As I have a little cold** I'll take a break before getting back to - well, from wiki to its sources.
Ah, back!*** Now, what sources am I supposed to look at again ...
Josephus Antiquities: xix. 9, 20.100, 20.101-103, 20.103-104, so, 19-20 will give a nice pensum.
Josephus Jewish War: Bell. Jud. ii. 11. § 5, The Wars of the Jews 2.220, War 2.223, so, Jewish war 2.
Tac. Hist. v. 9, so Histories V
Tac. Annals 12.54, so Annals 12
But the main point of my option to repair the idea is, the reference for Felix being in command in Samaria while his predecessor Cumanus was in command in Judaea.
54 1 The like moderation, however, was not shewn by his brother, surnamed Felix;25 who for a while past had held the governorship of Judaea, and considered that with such influences behind him all malefactions would be venial. The Jews, it is true, had given signs of disaffection in the rioting prompted
the news of his murder had made complicity needless, the fear remained p395 that some emperor might issue an identical mandate. In the interval, Felix was fostering crime by misconceived remedies, his worst efforts being emulated by Ventidius Comanus, his colleague in the other half of the province — which was so divided that the natives of Galilee were subject to Ventidius, Samaria to Felix. The districts had long been at variance, and their animosities were now under the less restraint, as they could despise their regents. Accordingly, they harried each other, unleashed their troops of bandits, fought an occasional field, and carried their trophies and their thefts to the procurators. At first, the pair rejoiced; then, when the growth of the mischief forced them to interpose the arms of their troops, the troops were beaten, and the province would have been ablaze with war but for the intervention of Quadratus, the governor of Syria. With regard to the Jews, who had gone so far as to shed the blood of regular soldiers, there were no protracted doubts as to the infliction of the death penalty: Cumanus and Felix were answerable for more embarrassment, as Claudius, on learning the motives of the revolt, had authorized Quadratus to deal with the case of the procurators themselves. Quadratus, however, displayed Felix among the judges, his admission to the tribunal being intended to cool the zeal of his accusers: Cumanus was sentenced for the delinquencies of the two, and quietude returned to the province.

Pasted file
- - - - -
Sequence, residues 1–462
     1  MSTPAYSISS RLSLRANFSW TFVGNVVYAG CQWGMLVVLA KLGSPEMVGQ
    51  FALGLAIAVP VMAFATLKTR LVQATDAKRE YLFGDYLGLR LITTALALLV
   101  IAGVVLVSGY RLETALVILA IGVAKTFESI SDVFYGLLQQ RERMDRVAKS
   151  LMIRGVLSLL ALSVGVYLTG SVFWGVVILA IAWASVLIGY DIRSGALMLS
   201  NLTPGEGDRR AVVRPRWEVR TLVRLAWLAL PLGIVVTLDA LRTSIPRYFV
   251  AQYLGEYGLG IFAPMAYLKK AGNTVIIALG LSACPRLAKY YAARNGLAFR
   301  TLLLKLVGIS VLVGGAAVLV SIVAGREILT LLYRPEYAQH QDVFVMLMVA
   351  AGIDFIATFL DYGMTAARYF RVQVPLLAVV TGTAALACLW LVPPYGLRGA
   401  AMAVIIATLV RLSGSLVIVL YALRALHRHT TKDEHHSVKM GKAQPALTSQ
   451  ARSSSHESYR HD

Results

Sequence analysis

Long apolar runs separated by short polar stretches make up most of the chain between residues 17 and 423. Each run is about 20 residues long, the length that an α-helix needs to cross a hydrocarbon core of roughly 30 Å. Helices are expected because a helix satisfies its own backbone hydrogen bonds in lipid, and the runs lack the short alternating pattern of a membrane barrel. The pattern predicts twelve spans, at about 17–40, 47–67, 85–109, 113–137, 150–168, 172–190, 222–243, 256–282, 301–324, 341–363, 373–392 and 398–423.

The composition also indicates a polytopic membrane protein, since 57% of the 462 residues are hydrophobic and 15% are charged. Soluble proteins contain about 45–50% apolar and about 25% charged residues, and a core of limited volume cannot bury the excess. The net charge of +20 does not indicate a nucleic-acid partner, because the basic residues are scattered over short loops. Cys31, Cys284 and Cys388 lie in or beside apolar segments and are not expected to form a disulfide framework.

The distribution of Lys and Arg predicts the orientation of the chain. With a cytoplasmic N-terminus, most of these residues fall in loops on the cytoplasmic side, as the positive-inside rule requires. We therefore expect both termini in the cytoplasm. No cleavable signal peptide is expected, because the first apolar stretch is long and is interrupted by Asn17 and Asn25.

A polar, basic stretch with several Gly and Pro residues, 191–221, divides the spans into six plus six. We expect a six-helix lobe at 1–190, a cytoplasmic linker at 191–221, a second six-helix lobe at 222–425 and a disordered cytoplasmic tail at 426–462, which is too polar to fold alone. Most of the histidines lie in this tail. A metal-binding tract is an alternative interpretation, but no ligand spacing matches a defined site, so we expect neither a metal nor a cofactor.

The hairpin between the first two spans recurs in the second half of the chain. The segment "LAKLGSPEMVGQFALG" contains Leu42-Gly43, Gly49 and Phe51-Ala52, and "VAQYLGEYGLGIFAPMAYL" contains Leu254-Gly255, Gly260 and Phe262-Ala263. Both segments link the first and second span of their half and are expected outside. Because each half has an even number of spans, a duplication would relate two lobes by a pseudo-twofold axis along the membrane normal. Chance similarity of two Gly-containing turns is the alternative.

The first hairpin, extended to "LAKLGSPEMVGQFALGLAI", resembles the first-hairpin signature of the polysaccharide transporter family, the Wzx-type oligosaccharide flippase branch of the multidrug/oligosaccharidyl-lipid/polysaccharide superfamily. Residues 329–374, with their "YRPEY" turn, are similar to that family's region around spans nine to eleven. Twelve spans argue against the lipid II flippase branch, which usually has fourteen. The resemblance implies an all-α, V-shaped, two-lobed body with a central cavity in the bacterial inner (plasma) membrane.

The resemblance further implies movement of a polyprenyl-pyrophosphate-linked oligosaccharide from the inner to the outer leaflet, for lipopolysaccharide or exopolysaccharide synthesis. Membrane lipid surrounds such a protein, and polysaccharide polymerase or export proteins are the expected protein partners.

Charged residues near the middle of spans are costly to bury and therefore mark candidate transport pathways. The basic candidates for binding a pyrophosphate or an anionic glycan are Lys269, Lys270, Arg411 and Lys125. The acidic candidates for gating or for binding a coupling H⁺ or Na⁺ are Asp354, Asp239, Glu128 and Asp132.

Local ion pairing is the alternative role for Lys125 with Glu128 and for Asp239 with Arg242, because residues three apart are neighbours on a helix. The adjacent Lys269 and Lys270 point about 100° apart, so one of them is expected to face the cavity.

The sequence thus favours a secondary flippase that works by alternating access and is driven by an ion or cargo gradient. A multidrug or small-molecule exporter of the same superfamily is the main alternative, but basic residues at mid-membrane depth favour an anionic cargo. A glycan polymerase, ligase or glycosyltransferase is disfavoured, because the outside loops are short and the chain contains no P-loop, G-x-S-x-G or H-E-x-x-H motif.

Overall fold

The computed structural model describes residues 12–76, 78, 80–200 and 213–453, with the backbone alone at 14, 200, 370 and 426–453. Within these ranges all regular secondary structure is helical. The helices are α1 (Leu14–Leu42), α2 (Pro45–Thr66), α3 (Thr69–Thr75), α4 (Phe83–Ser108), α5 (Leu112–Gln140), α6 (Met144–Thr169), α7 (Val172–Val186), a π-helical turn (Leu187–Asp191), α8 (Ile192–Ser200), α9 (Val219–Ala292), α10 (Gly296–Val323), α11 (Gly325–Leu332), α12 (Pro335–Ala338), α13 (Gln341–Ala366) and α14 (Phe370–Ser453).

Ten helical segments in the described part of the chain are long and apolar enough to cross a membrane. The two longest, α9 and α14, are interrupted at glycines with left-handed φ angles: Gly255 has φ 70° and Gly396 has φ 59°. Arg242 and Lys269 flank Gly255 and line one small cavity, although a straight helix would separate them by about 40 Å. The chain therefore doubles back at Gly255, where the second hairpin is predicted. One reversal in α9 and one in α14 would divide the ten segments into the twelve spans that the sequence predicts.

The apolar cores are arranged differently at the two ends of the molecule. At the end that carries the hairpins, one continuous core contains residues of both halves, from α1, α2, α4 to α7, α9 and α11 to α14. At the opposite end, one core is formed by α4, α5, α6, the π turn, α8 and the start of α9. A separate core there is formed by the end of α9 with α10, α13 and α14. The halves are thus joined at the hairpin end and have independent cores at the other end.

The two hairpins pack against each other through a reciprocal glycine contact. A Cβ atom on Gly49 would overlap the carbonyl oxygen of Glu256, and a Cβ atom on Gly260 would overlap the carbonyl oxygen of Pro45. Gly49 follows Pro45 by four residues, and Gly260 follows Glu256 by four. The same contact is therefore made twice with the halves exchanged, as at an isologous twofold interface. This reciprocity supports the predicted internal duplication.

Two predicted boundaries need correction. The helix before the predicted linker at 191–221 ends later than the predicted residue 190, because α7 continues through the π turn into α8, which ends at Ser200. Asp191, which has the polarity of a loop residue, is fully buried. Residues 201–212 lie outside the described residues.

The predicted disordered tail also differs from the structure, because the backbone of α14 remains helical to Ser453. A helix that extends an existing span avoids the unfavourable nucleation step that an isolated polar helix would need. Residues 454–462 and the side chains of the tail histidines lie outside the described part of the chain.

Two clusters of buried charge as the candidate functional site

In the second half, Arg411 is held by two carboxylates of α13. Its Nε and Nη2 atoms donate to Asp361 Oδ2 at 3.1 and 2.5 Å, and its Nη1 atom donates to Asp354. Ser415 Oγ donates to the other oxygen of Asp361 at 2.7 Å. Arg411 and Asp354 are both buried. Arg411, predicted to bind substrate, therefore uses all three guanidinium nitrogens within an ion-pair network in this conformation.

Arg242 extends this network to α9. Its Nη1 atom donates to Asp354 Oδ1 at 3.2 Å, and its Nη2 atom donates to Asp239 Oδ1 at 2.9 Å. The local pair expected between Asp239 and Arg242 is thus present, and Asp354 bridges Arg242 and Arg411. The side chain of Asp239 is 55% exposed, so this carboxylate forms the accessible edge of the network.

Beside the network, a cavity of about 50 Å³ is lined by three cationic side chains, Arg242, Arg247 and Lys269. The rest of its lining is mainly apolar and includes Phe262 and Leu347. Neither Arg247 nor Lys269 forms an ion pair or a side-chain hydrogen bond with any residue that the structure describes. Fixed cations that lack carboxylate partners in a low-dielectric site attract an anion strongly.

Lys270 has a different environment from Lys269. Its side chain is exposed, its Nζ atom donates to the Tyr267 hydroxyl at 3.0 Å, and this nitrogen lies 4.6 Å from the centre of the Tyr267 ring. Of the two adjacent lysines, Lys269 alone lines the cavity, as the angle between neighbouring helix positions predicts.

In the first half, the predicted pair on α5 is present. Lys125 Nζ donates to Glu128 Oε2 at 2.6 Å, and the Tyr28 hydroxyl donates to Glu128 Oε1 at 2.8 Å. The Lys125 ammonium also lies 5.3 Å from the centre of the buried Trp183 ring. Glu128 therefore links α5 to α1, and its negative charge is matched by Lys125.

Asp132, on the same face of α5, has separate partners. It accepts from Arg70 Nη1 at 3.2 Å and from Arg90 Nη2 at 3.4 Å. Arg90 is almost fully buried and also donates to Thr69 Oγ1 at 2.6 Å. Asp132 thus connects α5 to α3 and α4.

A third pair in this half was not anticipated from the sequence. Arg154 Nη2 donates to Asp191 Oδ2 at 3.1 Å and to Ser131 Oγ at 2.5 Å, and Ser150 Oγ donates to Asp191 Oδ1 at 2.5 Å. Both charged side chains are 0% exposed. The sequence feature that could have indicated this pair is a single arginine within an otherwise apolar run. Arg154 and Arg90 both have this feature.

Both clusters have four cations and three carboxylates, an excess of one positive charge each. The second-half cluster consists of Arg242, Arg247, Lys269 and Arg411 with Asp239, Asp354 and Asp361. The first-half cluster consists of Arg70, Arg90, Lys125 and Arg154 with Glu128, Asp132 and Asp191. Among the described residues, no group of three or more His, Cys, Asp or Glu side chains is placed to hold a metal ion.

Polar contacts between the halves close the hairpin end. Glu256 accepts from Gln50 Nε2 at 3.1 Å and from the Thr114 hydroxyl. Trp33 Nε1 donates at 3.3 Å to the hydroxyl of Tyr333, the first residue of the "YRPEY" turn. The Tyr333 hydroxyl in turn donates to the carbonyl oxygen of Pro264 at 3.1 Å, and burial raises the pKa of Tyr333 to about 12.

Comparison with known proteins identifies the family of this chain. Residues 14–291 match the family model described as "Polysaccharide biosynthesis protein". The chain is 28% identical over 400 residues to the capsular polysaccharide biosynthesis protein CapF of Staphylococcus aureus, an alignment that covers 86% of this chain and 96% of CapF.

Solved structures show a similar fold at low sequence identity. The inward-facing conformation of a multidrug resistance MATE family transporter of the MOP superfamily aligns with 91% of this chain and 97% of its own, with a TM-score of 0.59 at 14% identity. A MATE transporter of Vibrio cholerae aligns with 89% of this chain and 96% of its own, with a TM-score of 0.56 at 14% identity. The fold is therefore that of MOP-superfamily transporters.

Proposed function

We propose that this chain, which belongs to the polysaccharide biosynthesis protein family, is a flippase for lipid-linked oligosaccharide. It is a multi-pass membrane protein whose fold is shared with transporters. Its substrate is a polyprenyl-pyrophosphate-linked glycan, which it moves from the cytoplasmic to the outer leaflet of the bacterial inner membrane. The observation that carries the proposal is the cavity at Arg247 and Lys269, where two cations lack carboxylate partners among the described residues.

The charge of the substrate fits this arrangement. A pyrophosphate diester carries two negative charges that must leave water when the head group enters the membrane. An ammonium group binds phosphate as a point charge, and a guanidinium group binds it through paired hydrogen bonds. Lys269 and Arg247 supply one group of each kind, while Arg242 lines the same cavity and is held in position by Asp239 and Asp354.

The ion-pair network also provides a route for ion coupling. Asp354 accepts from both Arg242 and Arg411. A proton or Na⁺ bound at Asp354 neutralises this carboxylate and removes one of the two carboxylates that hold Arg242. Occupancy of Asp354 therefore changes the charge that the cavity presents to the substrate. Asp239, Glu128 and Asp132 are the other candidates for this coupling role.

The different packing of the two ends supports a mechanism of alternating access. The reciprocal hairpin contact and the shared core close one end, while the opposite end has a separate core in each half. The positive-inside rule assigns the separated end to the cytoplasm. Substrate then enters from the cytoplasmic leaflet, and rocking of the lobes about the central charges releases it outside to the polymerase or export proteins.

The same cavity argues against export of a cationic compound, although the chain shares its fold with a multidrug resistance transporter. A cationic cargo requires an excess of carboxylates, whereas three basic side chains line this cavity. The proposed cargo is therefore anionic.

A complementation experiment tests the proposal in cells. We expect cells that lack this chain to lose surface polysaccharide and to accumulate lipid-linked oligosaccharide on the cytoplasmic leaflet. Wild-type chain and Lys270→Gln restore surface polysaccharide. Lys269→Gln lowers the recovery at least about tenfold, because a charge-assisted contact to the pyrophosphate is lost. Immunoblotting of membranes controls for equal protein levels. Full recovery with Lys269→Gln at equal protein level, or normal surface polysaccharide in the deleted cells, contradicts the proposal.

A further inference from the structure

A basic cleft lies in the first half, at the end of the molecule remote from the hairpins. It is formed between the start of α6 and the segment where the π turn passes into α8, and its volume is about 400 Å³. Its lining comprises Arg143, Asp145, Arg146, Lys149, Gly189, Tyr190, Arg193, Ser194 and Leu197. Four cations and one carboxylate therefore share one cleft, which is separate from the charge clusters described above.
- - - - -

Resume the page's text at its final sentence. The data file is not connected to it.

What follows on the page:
A little later, chapter 58, Nero is sixteen and getting married. That would be in AD 53, so the takeover by Felix over Judaea would be 53 or 52, and my chance would be Felix putting Festus in a subordinate command in Samaria, because this seems as if the parts of the province were reunited under Felix.
So, doesn't seem to match "Felix had for successor Portius Festus."
Unless Tacitus is leaving part of the story out. Now, given the character descriptions of Felix by Tacitus and Festus by St. Paul°, see:
"And Paul said: I am not mad, most excellent Festus, but I speak words of truth and soberness."
[Acts of Apostles 26:25]
In that case Festus can have started with a real but tacit (easily seen through by Jews) overcommand over Felix. And if St. Paul stood before Festus in 52, in Caesarea, he would have been before Felix in 50. Which would have been just the last year of the 70 weeks of Daniel.
I'm sorry, my cold is not the best condition for continuing this enquiry today, I'll leave off, and ...
Hans Georg Lundahl
PS, on St. Blaise' day, I thank God internet allows editing after publication, since I was too tired to add source for the Tacitus quote:
LacusCurtius : TACITUS ANNALS : Book XII (end)
I cited, as said, 12:54 from it./HGL
I actually shared this with Borgehammar, starting a debate, here are two posts in Swedish, one for the letter exchange and one more thematically and less chronologically for the debate itself:
Hans Georg Lundahls Correspondence : Med Borgehammar : correspondencen
Hans Georg Lundahls Correspondence : Med Borgehammar : discussionen
* See also Schürer, pp. 456-458. ** Reminding me of a time in Berlin when I had a cardboard "Erkältäter Straßensänger" (yes, I was too feverish to leave erkälteter as I first thought of) ... *** And thanks to the generosity of a certain "Beur" and probable Muslim, much better than I had hoped for! ° Except, St. Paul had used "excellent" as a polite adress to Felix as well, even if he wasn't - take that Quakers!